How do you recommend they do that inventory besides self-reflection? What concrete steps do you recommend people take?

Tia Coachman:

Again, asking for feedback. Asking for others to put a mirror up to you and say, “This is how you show up in the workplace, this is how you show up in the world.” You know, go back to your performance reviews and see if they were aligned with how you really felt about your own work performance and with your managers. Take those reflection steps.

I mean, self-reflection shows up in so many different ways but these are some, I think, critical, actionable steps that people can take. Asking for feedback is the top of the list, and again, being open and vulnerable to hear some things that you may not have thought about yourself, or you didn’t see yourself in that way, and being committed to changing where necessary.

Mac Prichard:

You’ve interviewed hundreds of people, probably several thousand over the years, can you tell when you talk to a candidate if they’re aware of these 3 things?

Tia Coachman:

Most people are somewhere along the spectrum of knowing some of the things that they know but not really feeling confident in them, all the way to thinking that they know everything.

Mac Prichard:

I think we’ve all met those colleagues along the way, haven’t we?

Tia Coachman:

Right, we have, and yes, I can tell in an interview. In any interaction with people when they have walked into that experience with me feeling good about the things that they know, knowing what they’re bringing to our conversation. I can also tell when people are willing and open to learn something new. That means they don’t center themselves; they listen attentively and actively, they will acknowledge that there are things that they want to learn, that they don’t yet know. And the harder thing is to know when to recognize when those people show up who think the world that they see is the only world that exists.

Mac Prichard:

How do the people you meet who have figured this out, how do they do it, Tia? Did someone coach them along the way? Was it trial and error? What was their secret, do you think?

Tia Coachman:

I think it’s realizing that, in the workplace, especially in a diverse workplace, that you will come with only your story. You will come with only your experience and your KSAs, but that others around you will come with theirs and it will be different than yours. And so, the people who can grasp that concept are the people who will succeed and be able to really digest what we’re talking about today.

Mac Prichard:

Again, as someone who has made so many hiring decisions and recommendations along the way, why does that stand out for you? If you’re looking at two candidates with equal skill levels, but one has those three insights and the other doesn’t, why does that make them so appealing?

Tia Coachman:

It makes them appealing because, one, they’re coachable. That means that I can mold and help to shape their career, not just this one job. It means that they will make my company better. They will make the work that we do better because these people will look outside of themselves for ways to level up because they have done that work for themselves or will be doing that work for themselves. That is what is going to make that candidate really attractive versus someone who walks in thinking they have all of the answers and they are exactly right and perfect for this job.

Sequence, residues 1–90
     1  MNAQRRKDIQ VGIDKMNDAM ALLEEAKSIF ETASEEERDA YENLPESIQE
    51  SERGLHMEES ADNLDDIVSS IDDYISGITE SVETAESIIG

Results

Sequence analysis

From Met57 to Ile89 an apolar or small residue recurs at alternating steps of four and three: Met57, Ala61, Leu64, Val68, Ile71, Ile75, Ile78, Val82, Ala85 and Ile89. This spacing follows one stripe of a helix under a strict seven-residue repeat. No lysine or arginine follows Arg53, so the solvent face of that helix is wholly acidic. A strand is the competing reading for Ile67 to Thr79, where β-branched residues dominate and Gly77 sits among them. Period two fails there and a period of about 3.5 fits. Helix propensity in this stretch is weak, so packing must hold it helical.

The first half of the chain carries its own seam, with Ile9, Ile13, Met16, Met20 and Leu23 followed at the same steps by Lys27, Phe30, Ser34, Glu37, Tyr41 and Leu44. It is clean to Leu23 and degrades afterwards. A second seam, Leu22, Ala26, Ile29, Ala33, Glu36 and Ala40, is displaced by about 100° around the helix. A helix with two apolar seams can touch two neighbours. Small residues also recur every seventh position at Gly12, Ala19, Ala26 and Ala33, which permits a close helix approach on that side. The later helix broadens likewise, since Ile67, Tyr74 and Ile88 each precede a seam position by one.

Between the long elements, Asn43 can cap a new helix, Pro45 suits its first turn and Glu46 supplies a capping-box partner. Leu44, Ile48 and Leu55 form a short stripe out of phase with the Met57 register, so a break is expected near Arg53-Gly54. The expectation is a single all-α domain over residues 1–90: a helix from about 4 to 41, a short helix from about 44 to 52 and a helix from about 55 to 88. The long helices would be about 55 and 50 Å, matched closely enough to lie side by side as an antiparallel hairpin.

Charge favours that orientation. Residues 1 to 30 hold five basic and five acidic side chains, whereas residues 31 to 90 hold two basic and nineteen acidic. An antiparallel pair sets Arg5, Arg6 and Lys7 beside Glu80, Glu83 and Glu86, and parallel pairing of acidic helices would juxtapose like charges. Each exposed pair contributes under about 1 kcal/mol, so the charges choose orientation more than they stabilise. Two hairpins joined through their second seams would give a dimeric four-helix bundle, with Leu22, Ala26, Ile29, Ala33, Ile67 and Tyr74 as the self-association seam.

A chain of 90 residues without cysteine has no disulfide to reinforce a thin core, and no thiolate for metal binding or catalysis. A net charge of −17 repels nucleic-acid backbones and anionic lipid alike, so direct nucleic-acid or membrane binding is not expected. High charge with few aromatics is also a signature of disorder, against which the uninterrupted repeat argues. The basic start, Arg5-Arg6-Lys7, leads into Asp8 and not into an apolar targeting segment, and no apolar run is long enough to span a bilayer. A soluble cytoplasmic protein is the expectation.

I don’t want the person that’s “perfect” for the job, I want the person who wants to make the job better.

Mac Prichard:

Well, it’s been a terrific conversation, Tia. Now, tell us, what’s next for you?

Tia Coachman:

Well, Affirma is growing. We have our roots in the creative industry and advertising, but we are branching out into nonprofits and fashion brands and all kinds of different industries. And that was our full intention, and so, I’m excited about the scaling and the reach and the impact that we can have on workforces without industry boundaries.

Mac Prichard:

I had the chance to look at your website. You’re doing terrific work and you’ve got wonderful clients. I know people can learn more about your practice and your services by visiting www.affirmaconsultancy.com.

Now, Tia, given all the great advice you’ve shared today, what’s the one thing you want a listener to remember about the 3 things every job seeker needs to know.

Tia Coachman:

Be confident in what you know, be open to learn what you don’t know, and believe, believe please, that there exist things out there that you haven’t experienced yet.

Mac Prichard:

Are you still working on your resume?  Let the experts at Top Resume help you finish it. Get a free review of your resume today.

Go to macslist.org/topresume.

And if you like this show, sign up for our podcast newsletter.

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Go to macslist.org/shownotes.714003

Next week, our guest will be Debbie Lipton. She’s the founder and owner of Lipton Career Management.

Ageism in hiring is illegal. It’s also a fact of life. Debbie and I will talk about five stereotypes about older job candidates and how you can overcome them.

I hope you’ll join us. Until next time, thanks for letting us help you find your dream job.

If you’re looking for a job, self-awareness is the most important thing you bring to an interview with a hiring manager. Knowing what you know is important. But even more important, says Find Your Dream Job guest Tia Coachman, is knowing what you don’t know. Tia says you have to be willing to share what your limitations are and what you need to learn in order to reach new levels. Admitting what you don’t know shows a potential employer that you are teachable and that you have the humility necessary to do the work required to level up to higher responsibilities. 

About Our Guest:

Tia B. Coachman is the Founder/Principal Consultant of Affirma Consultancy which provides bespoke HR Advisory and Executive Search services.

Resources in This Episode: